Life is not fair.

Three different people recently said that to me in one day.  These people don't know one another, or even the existence of each other, but all were experiencing unusually difficult life challenges.  These conversations led me to give a lot of thought to the notion of fairness, and while I don't have an explanation of why some lives seem charmed and others difficult, I have begun to think about fairness differently.

One of the people who expressed the unfairness of life is my 85-year-old widowed aunt who is nearly completely blind due to macular degeneration.  Her daughter, Laurie, was born five days after me, and the two of us grew up together on the same street.  We were both happy, playful children and then adulthood set in, which for Laurie brought extreme depression and emotional pain.  Last month, after decades of fighting her demons, Laurie committed suicide.  A few days later, my wonderful aunt buried her eldest child.   Unfair indeed.

At my aunt's house after the funeral, I was taken aback by the photos in a hinged double picture frame on her piano.  There was Laurie's and my high school graduation pictures side by side, taken when we were seventeen years old.  I was smiling in my photo, while Laurie wore a serious expression.  Was that a hint of things to come?  We'll never know.

Laurie did not marry or have children, so the person whose life is most changed is my aunt.  Laurie's siblings are distraught, but they have families of their own and very busy lives.  As stoic and strong as my aunt is, her life is forever impaired; she has gracefully learned to live with being almost totally blind, which will prove far easier than living with her daughter's death.

What did I learn from this tragedy?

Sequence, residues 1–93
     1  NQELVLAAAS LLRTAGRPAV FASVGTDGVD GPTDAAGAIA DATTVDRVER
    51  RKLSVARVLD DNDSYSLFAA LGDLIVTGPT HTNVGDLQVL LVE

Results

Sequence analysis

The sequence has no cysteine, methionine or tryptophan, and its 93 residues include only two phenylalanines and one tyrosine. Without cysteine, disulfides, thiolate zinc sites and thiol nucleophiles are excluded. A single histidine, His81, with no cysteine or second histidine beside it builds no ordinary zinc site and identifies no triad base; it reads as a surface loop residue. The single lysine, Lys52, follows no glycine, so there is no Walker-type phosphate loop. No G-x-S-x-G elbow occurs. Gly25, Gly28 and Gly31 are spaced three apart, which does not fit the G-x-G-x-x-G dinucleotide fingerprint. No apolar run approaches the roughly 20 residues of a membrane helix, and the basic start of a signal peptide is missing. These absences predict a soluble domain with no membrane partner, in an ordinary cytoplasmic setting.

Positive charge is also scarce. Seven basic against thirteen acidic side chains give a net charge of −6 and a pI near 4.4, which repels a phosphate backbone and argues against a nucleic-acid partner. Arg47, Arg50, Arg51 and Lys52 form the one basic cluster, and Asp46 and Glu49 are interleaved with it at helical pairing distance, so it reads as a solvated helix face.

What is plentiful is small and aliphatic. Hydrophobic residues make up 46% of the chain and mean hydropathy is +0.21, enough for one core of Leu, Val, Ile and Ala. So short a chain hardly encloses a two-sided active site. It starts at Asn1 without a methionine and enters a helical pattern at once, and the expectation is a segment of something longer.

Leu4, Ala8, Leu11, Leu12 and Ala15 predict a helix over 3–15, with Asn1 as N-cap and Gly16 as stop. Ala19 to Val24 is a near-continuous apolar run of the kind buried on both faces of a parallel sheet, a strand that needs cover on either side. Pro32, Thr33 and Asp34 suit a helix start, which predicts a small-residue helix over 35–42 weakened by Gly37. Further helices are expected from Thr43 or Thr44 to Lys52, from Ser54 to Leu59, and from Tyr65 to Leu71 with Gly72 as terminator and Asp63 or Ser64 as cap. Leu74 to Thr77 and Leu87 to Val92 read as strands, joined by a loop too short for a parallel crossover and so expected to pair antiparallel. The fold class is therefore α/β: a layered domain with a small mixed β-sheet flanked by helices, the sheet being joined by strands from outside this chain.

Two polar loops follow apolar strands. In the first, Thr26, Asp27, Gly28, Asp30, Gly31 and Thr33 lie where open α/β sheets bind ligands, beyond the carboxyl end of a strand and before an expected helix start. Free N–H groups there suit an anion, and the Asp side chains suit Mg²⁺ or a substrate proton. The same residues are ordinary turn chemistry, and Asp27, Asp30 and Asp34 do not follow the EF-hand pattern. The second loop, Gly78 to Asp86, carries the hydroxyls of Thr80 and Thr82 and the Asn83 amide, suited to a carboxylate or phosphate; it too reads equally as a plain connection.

1. Use the term "unfair" sparingly.  I am the first to joke that it is unfair that Heidi Klum's legs are taller than my whole body, which is probably true but hardly worth fretting about.

2. Want what you have rather than yearn for what is missing.  I am grateful to have a healthy body, including my un-Heidi Klum legs that carry me around all day.

3. Don't assume you know about someone's life.  We look at the Heidi Klums of the world and see a beautiful woman who seems to have it all--famous husband, cute kids, successful career, lots of money.  We know nothing about her private life.  As a coach, I can tell you with certainty that many, many people have struggles that are not obvious to the public.

4. Be clear on what "having it all" means.  We may envy or admire people for particular traits or lot in life, but would you want to trade places with them if you could?  Remember, trading places means giving up all that you are and value, including the people you love.

Bad things happen to good people.  There is no rhyme or reason for it.  There are no satisfying explanations.  There are no road maps for how to cope.  All we can do is our best to move on, to relish the joyous moments and somehow learn to smile again.

So, hug your loved ones.  Take a walk outside and be awed by nature.  Listen to your favorite music.  Watch a funny movie.  That's all any of us can do.  Actually, that's all we need to do.

Oil and Slime

Oil and Slime